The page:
Fact check: Does FIFA prevent rebounds from landing in no man’s land?


Does FIFA prevent rebounds from landing in no man’s land?

In a recent Reddit post quoted below, redditor pwomboli raises suspicion about the fact that rebounds very rarely end up in no man’s land:

“They always seem to bounce back directly to an attacker, a defender or out of bounds…

They rarely fall in a place where there are no players, very rarely on rebounds from the goalkeeper after a shot, but other types of rebounds just bounce directly to a player.

And nope, I don’t know a thing about coding, I just think there are some shenanigans with “ball physics”
(– /u/pwomboli)

We previously dealt with similar claims related to deflections and tackles. Yet, we decided that this one was worthy of it’s own fact check.

Is there anything fishy going on with rebounds?

There is no point in disputing the claim that many rebounds end up with a player from either side. But the fact alone just doesn’t lead to the conclusion that this must be the product of foul play.

As always when it comes to FIFA conspiracy theories, the supporting evidence is absolutely non-existent, and neither the original post quoted above nor the commentators supporting it make any attempts to rule out natural explanations.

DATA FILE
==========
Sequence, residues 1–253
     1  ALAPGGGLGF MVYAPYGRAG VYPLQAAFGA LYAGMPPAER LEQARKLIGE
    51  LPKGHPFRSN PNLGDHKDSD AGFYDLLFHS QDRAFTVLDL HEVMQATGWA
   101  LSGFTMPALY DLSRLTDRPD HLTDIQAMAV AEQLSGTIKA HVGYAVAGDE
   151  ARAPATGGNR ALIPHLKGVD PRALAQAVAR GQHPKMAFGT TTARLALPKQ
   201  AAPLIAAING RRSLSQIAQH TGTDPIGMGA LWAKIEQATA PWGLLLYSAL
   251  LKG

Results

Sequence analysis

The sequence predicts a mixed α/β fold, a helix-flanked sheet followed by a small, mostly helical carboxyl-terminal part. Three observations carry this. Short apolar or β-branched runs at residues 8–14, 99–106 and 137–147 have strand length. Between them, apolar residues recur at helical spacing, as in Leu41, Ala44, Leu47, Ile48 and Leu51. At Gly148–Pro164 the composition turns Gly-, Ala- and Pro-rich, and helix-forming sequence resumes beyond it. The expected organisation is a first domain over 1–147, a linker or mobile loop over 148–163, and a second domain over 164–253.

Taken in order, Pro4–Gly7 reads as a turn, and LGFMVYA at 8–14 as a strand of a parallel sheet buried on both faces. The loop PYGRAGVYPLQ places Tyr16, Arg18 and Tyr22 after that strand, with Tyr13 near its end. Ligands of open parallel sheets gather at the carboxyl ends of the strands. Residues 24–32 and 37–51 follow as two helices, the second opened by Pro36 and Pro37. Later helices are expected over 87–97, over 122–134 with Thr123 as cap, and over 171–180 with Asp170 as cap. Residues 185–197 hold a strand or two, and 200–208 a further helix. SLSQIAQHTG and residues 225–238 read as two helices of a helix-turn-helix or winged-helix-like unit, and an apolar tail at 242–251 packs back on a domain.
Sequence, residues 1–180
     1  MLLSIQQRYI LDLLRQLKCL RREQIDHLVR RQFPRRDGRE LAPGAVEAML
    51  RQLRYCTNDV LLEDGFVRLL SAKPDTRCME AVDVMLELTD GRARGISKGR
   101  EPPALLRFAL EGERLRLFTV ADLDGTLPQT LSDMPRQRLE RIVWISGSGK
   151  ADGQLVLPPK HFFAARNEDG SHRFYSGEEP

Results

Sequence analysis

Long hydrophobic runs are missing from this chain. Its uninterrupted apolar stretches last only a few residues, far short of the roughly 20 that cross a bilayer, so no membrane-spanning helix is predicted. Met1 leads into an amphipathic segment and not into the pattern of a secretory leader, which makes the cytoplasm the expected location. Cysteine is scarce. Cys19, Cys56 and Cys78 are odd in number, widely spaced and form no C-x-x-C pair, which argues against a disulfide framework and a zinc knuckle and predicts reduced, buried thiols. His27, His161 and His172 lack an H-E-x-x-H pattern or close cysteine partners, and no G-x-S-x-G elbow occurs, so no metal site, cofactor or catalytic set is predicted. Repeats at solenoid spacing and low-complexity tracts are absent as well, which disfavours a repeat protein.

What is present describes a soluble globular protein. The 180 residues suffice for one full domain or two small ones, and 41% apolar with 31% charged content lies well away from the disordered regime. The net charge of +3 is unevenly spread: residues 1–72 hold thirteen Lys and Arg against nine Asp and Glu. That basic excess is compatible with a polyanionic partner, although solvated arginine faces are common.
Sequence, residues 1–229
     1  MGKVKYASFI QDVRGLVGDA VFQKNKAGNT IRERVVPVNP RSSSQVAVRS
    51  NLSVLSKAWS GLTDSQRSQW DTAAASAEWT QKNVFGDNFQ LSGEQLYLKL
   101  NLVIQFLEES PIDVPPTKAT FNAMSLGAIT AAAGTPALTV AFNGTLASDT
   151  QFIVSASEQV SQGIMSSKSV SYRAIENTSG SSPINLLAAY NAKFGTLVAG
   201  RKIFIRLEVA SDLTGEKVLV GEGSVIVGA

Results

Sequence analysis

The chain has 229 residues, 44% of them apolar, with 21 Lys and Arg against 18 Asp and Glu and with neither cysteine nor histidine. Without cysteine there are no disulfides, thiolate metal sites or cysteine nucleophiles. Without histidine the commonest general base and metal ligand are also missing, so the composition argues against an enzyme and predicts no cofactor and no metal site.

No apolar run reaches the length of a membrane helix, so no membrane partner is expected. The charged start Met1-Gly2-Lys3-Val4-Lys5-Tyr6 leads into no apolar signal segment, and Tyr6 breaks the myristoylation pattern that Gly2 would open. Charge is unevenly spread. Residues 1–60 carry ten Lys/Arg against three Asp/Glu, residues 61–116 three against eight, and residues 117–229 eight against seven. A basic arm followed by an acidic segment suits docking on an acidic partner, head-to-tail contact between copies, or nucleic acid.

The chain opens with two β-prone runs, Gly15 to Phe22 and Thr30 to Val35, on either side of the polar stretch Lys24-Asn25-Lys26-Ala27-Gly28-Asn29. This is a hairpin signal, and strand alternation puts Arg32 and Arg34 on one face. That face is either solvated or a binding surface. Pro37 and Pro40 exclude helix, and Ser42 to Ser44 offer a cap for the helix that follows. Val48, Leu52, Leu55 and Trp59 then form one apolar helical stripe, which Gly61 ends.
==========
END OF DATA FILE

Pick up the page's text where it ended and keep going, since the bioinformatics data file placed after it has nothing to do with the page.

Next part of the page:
The natural explanation that ought to come to mind is the fact that penalty areas often are pretty crowded when someone takes a shot.

Crowded areas, many interceptions

This is an example of an intercepted rebound that we have discussed previously. Ignoring the graphics glitch, you will notice a total of eight outfield players occupying the penalty area.

To give you an idea about just how crowded that is, let’s look at what it actually takes for eight players to cover the entire penalty area, making it possible for a loose rebound to escape without being intercepted.

According to the laws of football, a penalty area should cover 40.3 x 16.5 m = 665 m2. If our eight players are spread across the entire penalty area, each of them will need to cover 26 m2 corresponding to the area of a circle with a radius of 5.1 meters. Considering that most professional footballers are able to reach speeds of up to 30 km/h, many of them will be able to cover the entire area in less than a second.

Players position themselves for interceptions

Further, players of course aren’t spread randomly across the penalty area. The illustration below shows how the players in the example clip are positioned. I also included circles to illustrate each player’s 1-second range of operation.

The orange bars illustrate the trajectory of the shot.

The point I want to make here is that players of course will position themselves where the chances of intercepting a pass or a rebound are biggest. The grey striker on the left and the pink defender to his right run for the far post. And they do that because that’s where rebounds usually go, given the angle of the shot.

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